July 12, 2014

One Shot Kills reveals the secretive, complex and often impenetrable world of the military sniper where ‘one-shot kills’ is the key objective.

“Following World War II and Korea,  like their WW I counterparts, few snipers wanted to write about their terrible experiences, remembering in those days, sniping was regarded by even fellow soldiers as unsporting” or … even worse “almost criminal”.  Attitudes have changed over time, and nowadays that perception has changed, and snipers are now rightly regarded as “force multipliers” who actually reduce the rate of casualties.”

Authors Glenn Wahlert and Russell Linwood’s new book relates true stories from actual snipers who reached the peak of their profession in a deadly art. In an age of precision weapons and unmanned drones, this book is about professional soldiers who can clearly see the men they are about to kill, and witness, first-hand, the consequences of their actions.

Including interviews from snipers in the Second World War, Korea, Vietnam and more recent conflicts in Iraq and Afghanistan this book is for many soldiers the first time their stories have been told.  The authors hope that this a collection of true stories melded with a wealth of research, will not only generate interest  but also provide those men who have experience in this field to have the sense of being valued, and perhaps even come forward to tell their own story.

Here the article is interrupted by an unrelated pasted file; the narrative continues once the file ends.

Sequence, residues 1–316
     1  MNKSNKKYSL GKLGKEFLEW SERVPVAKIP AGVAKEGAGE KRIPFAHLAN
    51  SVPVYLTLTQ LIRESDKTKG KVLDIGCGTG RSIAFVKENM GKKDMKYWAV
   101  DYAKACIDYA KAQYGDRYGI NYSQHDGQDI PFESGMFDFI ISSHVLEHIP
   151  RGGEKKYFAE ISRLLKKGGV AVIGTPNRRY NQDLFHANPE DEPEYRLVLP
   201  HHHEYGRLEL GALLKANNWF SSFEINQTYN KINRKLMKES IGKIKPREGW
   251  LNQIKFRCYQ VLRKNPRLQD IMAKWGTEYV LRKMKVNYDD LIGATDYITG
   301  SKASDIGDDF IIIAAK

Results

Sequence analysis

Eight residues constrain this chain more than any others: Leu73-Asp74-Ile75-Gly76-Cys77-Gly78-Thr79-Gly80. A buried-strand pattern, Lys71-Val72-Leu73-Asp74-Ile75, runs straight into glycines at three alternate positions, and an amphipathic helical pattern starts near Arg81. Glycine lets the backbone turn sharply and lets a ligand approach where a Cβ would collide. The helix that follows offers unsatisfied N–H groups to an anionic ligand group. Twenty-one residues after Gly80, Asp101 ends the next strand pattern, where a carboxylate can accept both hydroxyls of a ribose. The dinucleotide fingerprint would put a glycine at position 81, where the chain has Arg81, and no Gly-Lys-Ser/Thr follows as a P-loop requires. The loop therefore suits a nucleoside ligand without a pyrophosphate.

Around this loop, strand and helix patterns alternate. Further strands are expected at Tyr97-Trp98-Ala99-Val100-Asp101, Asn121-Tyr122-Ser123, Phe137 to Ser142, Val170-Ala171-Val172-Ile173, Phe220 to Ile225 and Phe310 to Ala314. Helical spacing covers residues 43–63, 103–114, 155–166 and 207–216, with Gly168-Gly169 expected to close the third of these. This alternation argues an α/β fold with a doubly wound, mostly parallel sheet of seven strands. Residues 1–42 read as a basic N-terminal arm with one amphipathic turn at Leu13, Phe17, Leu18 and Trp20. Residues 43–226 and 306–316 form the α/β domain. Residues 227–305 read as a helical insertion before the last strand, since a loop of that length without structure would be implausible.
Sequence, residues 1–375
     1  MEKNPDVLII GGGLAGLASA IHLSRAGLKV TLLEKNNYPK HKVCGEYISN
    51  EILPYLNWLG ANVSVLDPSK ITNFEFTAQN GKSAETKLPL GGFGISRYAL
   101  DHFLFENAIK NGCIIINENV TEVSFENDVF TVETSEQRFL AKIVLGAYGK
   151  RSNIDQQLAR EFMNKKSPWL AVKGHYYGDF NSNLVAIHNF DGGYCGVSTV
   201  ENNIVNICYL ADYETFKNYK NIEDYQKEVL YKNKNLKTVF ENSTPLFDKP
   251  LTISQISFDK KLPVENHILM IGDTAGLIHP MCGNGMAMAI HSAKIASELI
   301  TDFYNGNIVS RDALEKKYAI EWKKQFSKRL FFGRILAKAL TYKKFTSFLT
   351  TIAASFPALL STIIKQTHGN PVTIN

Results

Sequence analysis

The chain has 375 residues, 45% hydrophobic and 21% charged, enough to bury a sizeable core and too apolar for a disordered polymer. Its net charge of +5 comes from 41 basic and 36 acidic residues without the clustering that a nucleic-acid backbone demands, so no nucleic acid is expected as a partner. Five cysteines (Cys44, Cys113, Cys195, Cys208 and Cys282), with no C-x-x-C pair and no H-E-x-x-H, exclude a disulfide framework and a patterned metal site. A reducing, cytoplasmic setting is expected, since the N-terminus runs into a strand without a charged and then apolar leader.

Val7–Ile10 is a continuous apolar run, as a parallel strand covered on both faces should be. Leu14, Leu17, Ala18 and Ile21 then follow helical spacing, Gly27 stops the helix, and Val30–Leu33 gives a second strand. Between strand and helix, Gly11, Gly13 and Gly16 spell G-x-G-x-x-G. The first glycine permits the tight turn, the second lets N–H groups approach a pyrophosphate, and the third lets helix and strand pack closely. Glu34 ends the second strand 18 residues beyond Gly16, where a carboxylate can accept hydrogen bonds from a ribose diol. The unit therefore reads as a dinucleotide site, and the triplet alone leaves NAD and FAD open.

As Wahlert states, “When we were interviewing veteran snipers from past wars, we found these men were so appreciative that someone was interested in their stories after so many years. Most had rarely spoken of their Army experiences, their skills in battle, the risks they had taken, all hidden away from friends and family.”

It has been a long road from the South African veldt where the Australian soldier first encountered the sniper, to the modern battlefield of Afghanistan where today’s Army sniper has shown himself to be among the best trained in the world.

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